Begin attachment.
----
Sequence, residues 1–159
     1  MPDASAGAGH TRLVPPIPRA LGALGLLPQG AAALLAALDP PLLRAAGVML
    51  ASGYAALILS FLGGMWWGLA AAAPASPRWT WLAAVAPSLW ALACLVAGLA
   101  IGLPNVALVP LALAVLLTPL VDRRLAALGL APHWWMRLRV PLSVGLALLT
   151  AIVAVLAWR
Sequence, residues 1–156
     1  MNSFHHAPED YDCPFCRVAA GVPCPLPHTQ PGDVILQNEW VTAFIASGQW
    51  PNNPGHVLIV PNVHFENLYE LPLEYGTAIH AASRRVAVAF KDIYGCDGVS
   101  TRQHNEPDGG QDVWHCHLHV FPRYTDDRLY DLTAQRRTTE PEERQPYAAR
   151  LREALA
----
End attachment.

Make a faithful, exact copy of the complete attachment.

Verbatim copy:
Sequence, residues 1–159
     1  MPDASAGAGH TRLVPPIPRA LGALGLLPQG AAALLAALDP PLLRAAGVML
    51  ASGYAALILS FLGGMWWGLA AAAPASPRWT WLAAVAPSLW ALACLVAGLA
   101  IGLPNVALVP LALAVLLTPL VDRRLAALGL APHWWMRLRV PLSVGLALLT
   151  AIVAVLAWR
Sequence, residues 1–156
     1  MNSFHHAPED YDCPFCRVAA GVPCPLPHTQ PGDVILQNEW VTAFIASGQW
    51  PNNPGHVLIV PNVHFENLYE LPLEYGTAIH AASRRVAVAF KDIYGCDGVS
   101  TRQHNEPDGG QDVWHCHLHV FPRYTDDRLY DLTAQRRTTE PEERQPYAAR
   151  LREALA